This year I became a parent to a person called Finn, who is the brilliantist. I have been thinking for some time about how we gender parenthood. For all the consideration we’ve given to fluidity, performativity and letting go the binaries, the language of parenthood – mother and father – remains oddly fixed. Even in same-sex partnerships like ours, the tendency is to double up and opt for more of the same: ‘two mothers’. But this doesn’t allow for differentiation. Much in the way that the phrase ‘same-sex partnership’ contains a multitude of differences.
My partner carried Finn in her body and feeds him from that body. I carried Finn the only way that I knew how – in my imagination, and in the bodies of poems. Writing the villanelle, I was interested in the forms of carrying and containment that go on, particularly among parents. And I am interested in how the dead parent us.
I had been carrying with me the line from Sandra Newman’s extraordinary memoir, Changeling, for some time, and as soon as I read Grace Paley’s story, ‘Mother’, I knew I had the basis for a poem. The villanelle is a good form for thinking about twos and threes – how two become three through birth, and how three become two with death. The poem confronts the difficulty of naming, and I decided to write that difficulty into the title. It is at once untitled – not named, or not yet named, perhaps seeming unentitled – and named very specifically by its form. It hinges on these states. As do I.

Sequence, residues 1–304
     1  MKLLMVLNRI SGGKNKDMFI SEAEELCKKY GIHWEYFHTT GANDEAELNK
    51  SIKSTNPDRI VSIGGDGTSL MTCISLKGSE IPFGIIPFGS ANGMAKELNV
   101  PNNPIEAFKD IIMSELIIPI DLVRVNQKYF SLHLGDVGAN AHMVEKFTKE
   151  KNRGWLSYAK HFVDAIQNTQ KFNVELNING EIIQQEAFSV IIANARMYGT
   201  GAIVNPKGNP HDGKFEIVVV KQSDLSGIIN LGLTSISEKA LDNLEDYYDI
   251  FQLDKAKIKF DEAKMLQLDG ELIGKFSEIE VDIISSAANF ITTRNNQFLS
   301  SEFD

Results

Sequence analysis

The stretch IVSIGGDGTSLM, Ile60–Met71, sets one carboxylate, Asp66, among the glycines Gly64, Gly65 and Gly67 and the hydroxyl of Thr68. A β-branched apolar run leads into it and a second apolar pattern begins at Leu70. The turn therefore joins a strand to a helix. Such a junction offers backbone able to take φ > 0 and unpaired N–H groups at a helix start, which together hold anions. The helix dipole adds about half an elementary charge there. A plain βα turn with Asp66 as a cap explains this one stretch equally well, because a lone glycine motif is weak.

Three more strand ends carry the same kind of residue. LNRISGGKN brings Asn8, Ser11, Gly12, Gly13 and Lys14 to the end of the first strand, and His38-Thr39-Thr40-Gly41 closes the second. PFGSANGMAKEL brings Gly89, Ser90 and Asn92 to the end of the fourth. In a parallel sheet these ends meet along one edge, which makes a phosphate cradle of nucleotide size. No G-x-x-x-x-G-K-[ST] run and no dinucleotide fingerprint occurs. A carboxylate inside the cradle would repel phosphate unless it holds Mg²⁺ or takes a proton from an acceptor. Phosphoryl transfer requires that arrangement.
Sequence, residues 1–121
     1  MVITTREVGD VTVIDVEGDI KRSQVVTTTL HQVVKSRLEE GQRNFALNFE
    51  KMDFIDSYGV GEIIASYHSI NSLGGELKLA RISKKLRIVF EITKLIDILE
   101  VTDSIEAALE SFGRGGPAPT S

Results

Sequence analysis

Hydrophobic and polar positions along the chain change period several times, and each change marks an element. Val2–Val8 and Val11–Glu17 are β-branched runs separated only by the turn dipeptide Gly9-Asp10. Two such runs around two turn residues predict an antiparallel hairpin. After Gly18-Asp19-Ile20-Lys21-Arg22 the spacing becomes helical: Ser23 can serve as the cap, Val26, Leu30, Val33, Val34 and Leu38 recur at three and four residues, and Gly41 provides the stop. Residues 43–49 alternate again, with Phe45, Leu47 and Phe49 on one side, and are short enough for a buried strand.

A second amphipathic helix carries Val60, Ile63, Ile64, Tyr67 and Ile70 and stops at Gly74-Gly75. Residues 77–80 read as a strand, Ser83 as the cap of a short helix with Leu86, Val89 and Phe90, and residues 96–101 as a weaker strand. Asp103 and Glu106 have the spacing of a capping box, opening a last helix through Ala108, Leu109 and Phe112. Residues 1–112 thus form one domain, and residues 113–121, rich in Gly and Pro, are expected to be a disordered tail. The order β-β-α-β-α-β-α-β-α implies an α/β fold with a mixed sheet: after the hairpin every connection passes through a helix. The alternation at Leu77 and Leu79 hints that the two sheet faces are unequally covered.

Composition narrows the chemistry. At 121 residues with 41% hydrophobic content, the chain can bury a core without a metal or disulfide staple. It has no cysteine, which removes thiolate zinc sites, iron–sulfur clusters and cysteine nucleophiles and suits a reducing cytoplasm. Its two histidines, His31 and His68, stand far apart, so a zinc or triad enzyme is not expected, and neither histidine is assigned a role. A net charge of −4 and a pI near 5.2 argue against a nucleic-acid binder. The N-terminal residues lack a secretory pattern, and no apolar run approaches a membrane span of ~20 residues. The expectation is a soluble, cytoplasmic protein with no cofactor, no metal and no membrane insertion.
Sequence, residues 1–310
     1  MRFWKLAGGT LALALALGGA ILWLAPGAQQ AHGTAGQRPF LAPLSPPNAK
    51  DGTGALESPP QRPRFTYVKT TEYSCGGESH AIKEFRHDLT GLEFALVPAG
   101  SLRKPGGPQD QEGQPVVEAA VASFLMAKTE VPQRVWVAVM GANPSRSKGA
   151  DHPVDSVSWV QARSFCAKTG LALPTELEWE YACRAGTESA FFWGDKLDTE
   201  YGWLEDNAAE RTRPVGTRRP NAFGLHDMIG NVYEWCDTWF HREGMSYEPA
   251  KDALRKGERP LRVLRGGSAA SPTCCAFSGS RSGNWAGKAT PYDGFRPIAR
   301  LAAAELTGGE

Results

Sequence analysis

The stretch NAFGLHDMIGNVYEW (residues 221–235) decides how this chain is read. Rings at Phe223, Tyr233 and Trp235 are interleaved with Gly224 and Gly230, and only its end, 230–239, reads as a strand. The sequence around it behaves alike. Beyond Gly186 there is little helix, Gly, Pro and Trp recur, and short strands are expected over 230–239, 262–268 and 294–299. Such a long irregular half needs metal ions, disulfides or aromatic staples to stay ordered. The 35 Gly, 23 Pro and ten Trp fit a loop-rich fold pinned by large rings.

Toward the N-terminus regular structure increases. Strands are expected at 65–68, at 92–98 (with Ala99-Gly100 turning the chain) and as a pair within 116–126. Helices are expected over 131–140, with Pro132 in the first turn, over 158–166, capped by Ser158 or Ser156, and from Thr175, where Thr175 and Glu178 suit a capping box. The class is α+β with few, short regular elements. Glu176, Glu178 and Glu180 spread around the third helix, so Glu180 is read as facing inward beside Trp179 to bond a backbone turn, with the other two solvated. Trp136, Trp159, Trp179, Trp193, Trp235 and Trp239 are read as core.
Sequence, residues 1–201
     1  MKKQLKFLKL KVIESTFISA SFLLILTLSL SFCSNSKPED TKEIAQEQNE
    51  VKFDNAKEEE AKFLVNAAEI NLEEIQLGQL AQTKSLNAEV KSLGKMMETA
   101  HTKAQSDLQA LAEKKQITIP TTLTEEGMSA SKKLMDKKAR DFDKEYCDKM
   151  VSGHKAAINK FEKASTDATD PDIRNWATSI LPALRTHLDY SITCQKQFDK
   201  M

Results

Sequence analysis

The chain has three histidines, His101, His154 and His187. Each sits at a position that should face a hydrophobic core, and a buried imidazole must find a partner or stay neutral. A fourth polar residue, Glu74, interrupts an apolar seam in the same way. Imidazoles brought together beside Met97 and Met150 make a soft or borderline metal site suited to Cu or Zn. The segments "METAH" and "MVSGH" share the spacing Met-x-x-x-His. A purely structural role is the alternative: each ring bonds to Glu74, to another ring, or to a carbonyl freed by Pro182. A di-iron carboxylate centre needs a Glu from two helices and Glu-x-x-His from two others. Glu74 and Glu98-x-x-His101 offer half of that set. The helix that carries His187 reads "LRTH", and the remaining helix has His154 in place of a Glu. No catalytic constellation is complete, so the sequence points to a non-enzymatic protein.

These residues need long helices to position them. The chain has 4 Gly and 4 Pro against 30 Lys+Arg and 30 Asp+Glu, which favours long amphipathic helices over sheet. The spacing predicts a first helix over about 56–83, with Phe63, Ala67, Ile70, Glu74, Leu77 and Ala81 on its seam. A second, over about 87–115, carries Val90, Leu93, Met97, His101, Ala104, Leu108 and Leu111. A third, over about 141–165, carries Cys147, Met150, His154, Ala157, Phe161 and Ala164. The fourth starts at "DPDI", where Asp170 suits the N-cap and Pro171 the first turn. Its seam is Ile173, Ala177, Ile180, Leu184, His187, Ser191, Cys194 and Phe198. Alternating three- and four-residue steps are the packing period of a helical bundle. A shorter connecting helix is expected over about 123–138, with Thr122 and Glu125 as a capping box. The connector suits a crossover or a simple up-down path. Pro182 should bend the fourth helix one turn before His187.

And ‘I’ is formed only in relationship – the you-to-me, me-to-you at the core of the lyric. It’s a wonky business. Like language, which psychoanalysis reminds us is formed of gaps, slips and ambiguities. “Mether” is a borrowing from meadar in Irish, related to the Latin metrum, a word which carries a vessel for measuring, and poetic metre. I must have had in the back of my ear Seamus Heaney’s ‘Fodder’, where wordplay is a way of making visible linguistic colonisation, as well as intimate familial naming. And then there’s all the delightful and instructive nonsense that has arrived with Finn. There’s so much mystery and muddling. As I try to make sense of what kind of parent I am, and what kind of relation poems are in, I want to try to make poems as good as the best nonsense.